“I do appreciate that the fail rate will be lower and that you’ll get points for 30-39 per cent. I have mild dyslexia and I expect that I might get around 40 per cent in the language exams, so it’s good that the absolute terror of getting no points for 39 per cent is gone.
“On the other hand, the grading bands are so wide that someone who gets, say, 69 per cent receives the same reward as someone who gets 60 per cent. I’m not sure how that is fair.
“The Leaving Cert is a terrible system. I feel that this change to the points system is like looking at a car that has broken down by the side of the road and declaring they will fix the mirrors or blow up the tyre, but they’re just fixing the furnishings so it looks better for the adults. Actually, they need to address the fact that this terminal exam is based on rote learning, which good teachers are forced to work in and are unhappy with.
Measure of intelligence
“I have great teachers, but we need to face up to the fact that it is not an accurate measure of intelligence. As a dyslexic person, I don’t learn in the same way my sister does; I learn though acting and dancing and volunteering and engaging with the world around me but, this year, I have to sacrifice my life to show that I can be smart according to their view of the world. That is despicable.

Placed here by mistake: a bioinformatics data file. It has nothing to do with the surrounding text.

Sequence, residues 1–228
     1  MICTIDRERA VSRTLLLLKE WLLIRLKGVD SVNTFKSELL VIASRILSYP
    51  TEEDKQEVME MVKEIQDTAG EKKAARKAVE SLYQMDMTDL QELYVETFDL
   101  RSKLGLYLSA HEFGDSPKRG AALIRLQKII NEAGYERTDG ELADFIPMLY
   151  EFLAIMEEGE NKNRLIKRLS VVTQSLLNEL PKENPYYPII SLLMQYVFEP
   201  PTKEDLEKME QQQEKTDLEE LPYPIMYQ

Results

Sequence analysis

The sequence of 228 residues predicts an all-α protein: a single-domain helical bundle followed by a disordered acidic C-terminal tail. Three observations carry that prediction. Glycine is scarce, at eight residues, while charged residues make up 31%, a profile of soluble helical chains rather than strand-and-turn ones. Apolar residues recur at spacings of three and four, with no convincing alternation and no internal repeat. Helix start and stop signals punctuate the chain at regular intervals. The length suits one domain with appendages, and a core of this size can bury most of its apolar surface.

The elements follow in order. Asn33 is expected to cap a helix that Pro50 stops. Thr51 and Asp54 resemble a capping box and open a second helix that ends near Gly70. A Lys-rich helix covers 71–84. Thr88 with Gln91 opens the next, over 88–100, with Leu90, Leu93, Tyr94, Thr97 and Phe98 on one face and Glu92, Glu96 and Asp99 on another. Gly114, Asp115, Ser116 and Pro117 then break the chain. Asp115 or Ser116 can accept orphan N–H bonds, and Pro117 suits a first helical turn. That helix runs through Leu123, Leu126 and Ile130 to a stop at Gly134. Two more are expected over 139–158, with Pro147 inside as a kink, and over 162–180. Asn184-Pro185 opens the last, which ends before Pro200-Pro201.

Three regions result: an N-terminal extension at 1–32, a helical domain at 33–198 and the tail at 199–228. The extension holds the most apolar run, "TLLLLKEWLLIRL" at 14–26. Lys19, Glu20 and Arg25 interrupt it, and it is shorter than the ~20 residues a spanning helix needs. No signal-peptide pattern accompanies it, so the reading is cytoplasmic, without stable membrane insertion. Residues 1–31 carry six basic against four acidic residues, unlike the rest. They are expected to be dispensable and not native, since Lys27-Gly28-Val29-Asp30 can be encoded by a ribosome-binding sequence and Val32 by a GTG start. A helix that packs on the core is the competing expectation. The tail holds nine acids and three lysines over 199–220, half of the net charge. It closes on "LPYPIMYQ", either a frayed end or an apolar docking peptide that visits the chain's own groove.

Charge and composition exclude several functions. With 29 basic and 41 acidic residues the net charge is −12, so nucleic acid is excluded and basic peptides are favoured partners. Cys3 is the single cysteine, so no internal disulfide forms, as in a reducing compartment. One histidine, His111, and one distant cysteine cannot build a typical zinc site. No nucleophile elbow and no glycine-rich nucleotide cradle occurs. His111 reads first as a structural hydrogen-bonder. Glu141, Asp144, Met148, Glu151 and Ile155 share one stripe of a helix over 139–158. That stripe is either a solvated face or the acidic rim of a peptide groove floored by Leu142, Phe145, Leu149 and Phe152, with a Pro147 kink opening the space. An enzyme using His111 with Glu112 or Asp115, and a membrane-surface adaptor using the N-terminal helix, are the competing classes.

“Rote learning is not effective. I love poetry, for instance, and I’m really engaged with the material, but it is much easier to do well by regurgitating something off the internet, so a girl who doesn’t understand or care about the poem gets more reward than a girl who has a real enthusiasm for the poem. Good, passionate teachers are forced to teach to the exam, so school can be more like a factory than a place that encourages a love of learning.
“There are many of us who can’t rote learn. We grow up thinking we are stupid. I can sew a dress from scratch, I can dance, I can organise events and effectively advocate and communicate. But because I can’t learn off an Irish essay, the education system tells me I’m stupid. And instead of any real reform, we get a few little changes to the points system. What an insult.”